West Virginia Among Worst States on Long-Term Budget Planning
Contact Ted Boettner at 304-720-8682 or firstname.lastname@example.org
– West Virginia is among the worst states in the country in long-term budget planning, according to a major new report from the Washington, DC-based Center on Budget and Policy Priorities.
West Virginia should adopt a set of proven budget-planning tools that could help it weather difficult economic times, build an attractive business climate, and make government more effective and efficient, the report finds.
"The conclusions of this week's report mirrors our findings about budget transparency and accountability, fiscal notes, and the dominance of the executive branch in budget decisions; so it is easy to see why the state ranks poorly on the CBPP's scorecard," stated Ted Boettner, Executive Director with the West Virginia Center on Budget and Policy. "West Virginia can and should do more long-term planning to help build a strong economy, cope with economic ups and downs, and improve government efficiency. People across the political spectrum can agree that adopting proven, nonpartisan tools that allow our lawmakers to do so is in West Virginia's best interest."
The report ranks the states according to whether and how well they make use of ten key fiscal planning tools, which fall into three broad categories:
- A map for the future: the budget and accompanying documents should include a detailed roadmap of the budget's immediate and future impacts on the state's fiscal health.
- Professional and credible estimates: standards and sufficient oversight are needed to guarantee that these analyses of the budget's impacts are professional, credible, and prepared without political influence.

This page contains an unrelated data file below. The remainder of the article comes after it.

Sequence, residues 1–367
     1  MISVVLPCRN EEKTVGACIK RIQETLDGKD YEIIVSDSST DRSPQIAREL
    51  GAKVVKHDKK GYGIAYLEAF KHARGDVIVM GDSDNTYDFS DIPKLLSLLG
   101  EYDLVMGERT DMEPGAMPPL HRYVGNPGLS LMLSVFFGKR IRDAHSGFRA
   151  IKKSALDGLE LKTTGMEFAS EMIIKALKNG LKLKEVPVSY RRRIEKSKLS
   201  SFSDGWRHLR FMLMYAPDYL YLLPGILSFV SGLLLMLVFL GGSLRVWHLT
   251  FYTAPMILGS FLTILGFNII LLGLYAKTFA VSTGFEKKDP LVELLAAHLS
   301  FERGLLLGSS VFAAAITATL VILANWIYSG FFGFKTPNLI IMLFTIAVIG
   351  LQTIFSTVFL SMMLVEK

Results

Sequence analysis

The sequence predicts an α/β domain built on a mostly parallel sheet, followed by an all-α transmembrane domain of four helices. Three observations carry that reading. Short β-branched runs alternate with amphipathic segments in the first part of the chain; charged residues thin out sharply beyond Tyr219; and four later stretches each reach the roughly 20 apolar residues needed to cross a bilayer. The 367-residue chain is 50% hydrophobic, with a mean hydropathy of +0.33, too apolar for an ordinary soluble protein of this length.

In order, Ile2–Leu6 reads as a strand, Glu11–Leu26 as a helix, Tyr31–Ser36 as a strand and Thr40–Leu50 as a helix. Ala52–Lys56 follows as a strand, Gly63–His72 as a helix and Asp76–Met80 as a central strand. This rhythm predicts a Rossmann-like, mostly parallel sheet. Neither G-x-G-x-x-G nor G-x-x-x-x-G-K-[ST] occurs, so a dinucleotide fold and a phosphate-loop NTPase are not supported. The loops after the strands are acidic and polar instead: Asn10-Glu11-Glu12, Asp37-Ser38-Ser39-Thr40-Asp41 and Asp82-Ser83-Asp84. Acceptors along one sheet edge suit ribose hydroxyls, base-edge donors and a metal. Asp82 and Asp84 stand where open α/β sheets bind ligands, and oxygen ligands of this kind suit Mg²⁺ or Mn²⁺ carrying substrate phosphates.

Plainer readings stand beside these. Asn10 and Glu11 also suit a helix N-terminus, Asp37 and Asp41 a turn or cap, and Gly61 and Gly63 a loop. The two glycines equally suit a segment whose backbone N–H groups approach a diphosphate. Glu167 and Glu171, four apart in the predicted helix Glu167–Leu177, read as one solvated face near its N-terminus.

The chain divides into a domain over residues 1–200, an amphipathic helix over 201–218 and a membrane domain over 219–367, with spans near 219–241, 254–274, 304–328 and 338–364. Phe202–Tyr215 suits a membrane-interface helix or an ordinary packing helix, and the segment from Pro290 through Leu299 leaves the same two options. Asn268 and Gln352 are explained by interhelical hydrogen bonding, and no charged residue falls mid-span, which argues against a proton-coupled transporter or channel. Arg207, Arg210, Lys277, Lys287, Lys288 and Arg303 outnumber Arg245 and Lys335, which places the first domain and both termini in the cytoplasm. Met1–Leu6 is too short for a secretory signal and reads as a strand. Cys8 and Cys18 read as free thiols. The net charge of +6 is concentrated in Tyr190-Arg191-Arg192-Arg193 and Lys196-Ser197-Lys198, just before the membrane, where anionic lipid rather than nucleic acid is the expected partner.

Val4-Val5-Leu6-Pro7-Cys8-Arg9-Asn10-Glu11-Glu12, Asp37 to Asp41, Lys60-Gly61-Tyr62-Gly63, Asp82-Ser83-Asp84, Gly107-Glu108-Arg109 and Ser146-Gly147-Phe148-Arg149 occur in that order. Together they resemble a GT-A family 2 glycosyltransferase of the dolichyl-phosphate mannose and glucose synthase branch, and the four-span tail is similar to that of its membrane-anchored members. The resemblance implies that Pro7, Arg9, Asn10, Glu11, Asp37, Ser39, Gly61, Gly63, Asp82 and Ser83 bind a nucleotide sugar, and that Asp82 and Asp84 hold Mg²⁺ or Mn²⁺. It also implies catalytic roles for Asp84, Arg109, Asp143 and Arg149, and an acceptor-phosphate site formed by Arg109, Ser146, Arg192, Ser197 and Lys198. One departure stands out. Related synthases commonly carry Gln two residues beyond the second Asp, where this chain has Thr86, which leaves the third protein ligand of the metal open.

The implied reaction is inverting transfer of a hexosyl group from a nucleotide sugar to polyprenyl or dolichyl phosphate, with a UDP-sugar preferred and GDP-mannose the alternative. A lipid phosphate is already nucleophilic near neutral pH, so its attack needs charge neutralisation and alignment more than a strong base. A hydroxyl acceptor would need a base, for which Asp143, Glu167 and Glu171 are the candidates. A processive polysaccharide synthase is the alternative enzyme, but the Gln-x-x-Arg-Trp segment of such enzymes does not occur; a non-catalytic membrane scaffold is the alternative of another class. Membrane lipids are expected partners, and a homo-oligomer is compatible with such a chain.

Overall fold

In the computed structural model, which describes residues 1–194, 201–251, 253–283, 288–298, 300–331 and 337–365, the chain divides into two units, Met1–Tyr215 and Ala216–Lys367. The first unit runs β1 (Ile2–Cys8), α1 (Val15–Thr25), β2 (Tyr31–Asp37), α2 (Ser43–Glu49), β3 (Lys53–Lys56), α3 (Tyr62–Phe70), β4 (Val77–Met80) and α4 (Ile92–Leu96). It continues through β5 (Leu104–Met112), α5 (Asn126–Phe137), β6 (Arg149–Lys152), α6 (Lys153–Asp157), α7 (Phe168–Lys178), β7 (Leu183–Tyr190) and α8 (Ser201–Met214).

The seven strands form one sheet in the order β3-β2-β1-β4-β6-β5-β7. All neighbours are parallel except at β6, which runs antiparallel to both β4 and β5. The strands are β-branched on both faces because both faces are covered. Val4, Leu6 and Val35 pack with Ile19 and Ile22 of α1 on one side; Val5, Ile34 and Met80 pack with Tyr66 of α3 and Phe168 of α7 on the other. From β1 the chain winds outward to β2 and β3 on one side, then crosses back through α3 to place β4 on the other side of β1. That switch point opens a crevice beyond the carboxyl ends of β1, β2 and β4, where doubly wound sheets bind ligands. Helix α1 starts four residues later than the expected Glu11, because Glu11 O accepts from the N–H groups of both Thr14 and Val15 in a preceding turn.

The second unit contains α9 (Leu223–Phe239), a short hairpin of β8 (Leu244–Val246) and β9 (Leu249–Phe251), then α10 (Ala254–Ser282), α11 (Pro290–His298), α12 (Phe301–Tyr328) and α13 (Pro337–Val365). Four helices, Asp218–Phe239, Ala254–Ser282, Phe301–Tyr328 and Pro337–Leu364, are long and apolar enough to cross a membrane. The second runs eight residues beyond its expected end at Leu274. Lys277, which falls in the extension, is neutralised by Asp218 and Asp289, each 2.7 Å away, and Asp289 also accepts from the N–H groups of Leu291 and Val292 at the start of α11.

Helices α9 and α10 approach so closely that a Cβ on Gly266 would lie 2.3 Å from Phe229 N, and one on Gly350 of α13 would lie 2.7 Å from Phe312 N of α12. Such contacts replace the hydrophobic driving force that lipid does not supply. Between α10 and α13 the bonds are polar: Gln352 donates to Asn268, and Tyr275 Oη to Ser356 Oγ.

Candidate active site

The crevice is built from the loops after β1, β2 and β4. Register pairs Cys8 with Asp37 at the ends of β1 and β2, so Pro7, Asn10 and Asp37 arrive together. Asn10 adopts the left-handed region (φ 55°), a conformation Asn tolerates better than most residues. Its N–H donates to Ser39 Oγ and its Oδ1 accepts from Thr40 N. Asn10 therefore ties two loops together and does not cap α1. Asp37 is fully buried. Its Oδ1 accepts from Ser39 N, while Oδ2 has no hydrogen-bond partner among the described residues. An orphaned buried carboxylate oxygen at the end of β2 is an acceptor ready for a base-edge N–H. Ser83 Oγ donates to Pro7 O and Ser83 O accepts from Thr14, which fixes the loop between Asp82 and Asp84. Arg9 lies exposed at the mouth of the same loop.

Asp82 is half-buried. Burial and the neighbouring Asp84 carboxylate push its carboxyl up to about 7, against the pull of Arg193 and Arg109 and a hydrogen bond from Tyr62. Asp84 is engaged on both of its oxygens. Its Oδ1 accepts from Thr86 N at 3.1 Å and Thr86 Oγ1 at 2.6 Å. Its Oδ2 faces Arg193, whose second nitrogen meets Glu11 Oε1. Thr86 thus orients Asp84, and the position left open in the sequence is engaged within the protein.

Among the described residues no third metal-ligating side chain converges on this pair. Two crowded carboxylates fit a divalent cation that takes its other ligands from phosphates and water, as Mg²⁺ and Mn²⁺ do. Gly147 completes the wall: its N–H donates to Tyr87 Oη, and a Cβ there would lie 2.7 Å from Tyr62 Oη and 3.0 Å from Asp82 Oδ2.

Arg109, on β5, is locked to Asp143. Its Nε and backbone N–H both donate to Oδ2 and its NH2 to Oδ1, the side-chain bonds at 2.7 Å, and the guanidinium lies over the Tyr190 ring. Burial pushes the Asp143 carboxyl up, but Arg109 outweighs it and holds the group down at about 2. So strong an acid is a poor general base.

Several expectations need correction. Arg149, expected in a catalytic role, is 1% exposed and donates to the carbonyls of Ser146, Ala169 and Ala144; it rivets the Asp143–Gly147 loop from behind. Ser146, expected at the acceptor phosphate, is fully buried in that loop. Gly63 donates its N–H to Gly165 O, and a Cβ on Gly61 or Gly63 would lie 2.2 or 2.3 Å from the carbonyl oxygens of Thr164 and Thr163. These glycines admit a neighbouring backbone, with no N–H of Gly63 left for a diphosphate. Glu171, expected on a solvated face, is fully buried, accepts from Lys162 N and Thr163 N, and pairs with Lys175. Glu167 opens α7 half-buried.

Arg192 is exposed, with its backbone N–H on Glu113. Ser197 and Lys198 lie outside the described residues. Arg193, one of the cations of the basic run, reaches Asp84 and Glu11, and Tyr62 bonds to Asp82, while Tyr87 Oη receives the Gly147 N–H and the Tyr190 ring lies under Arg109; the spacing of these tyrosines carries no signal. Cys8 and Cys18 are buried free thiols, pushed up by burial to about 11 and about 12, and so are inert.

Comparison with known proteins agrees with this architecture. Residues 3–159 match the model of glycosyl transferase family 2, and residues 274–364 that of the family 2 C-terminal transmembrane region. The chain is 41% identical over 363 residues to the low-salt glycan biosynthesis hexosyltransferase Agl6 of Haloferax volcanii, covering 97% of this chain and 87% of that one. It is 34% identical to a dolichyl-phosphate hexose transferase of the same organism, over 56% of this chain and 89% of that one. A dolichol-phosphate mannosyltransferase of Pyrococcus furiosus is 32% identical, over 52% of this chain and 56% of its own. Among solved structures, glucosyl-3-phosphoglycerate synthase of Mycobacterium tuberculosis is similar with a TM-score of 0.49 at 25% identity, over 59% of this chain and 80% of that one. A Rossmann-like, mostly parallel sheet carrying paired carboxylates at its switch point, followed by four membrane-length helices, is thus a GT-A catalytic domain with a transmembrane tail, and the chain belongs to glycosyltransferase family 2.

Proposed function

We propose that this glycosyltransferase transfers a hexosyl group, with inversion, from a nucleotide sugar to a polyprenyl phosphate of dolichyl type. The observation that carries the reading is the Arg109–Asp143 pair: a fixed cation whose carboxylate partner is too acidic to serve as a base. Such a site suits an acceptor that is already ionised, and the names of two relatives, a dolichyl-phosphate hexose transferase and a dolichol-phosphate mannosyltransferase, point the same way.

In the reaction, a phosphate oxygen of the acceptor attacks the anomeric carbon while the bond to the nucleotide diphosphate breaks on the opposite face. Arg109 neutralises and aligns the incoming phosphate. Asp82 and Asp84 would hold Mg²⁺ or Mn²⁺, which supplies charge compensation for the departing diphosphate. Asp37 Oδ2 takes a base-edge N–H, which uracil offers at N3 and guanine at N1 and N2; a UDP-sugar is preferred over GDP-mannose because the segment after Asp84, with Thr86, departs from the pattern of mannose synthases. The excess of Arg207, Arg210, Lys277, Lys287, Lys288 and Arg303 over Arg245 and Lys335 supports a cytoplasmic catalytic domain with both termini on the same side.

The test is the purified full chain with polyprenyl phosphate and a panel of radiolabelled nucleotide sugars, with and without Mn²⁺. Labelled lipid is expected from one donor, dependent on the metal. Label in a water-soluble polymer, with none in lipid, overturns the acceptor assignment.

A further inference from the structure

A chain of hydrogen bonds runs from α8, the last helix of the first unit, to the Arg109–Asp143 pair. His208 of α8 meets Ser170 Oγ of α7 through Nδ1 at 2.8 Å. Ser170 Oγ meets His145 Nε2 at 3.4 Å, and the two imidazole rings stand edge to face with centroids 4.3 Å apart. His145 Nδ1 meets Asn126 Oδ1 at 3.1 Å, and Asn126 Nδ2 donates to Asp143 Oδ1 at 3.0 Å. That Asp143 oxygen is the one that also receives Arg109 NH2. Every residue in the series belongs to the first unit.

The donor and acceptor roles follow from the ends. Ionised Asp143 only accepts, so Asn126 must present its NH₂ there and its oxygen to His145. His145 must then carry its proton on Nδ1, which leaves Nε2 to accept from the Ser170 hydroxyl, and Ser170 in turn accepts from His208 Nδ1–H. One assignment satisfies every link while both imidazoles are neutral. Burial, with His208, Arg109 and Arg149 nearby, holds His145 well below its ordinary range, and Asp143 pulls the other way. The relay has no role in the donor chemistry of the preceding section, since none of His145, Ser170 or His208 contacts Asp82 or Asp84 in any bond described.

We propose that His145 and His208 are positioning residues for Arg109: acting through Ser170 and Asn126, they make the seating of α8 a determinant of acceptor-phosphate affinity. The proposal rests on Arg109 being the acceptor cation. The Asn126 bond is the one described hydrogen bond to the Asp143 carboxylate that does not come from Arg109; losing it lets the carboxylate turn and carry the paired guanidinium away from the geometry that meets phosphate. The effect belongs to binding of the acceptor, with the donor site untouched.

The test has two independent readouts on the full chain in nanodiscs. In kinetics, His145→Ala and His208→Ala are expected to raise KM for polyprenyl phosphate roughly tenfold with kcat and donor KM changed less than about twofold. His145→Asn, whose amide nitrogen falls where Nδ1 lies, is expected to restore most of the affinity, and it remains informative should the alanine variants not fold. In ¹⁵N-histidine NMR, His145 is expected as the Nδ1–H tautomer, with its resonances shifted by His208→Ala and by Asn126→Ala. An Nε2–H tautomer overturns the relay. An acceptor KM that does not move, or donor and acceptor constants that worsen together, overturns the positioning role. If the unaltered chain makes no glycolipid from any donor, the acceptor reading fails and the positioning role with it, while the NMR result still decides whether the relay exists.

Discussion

- Ways to stay on course: mechanisms should be in place to trigger any needed changes during the budget year, before too much damage is done.
West Virginia scored 4.5 out of a possible 10 points in the analysis. While the state has a well-designed rainy day fund, it lacks in having tools in place to provide consensus between the executive and legislative branches when it comes to revenue forecasting. Additionally, a recent report by the West Virginia Center on Budget and Policy showed that a majority of state legislators do not trust the fiscal note process the state follows when trying to calculate how much a piece of legislation will cost the state.
One way to ensure more consensus between the governor's office and the legislative branch would be the creation of a legislative fiscal office similar to those in 34 other states. This nonpartisan agency would also help ensure the accuracy of fiscal notes that accompany legislation.
Lawmakers can reduce public uncertainty about what services they will receive and what taxes they will owe, making our state more attractive to businesses. They can also help West Virginia avoid making short-sighted decisions that do long-term damage to the state's budget and economy. And, better planning can ensure that government delivers important services like health care and education in a way that's effective and efficient in both short and long run.
"Better planning encourages policymakers to take the long view, one that considers a state's future workforce, population, and infrastructure needs," said Elizabeth McNichol, senior fellow at the Center on Budget and Policy Priorities and co-author of the report. "A state's budget decisions today on services like education and infrastructure affect both the state and the nation for years to come."
The Center on Budget and Policy Priorities' full report can be found here.
A fact sheet for West Virginia is available here.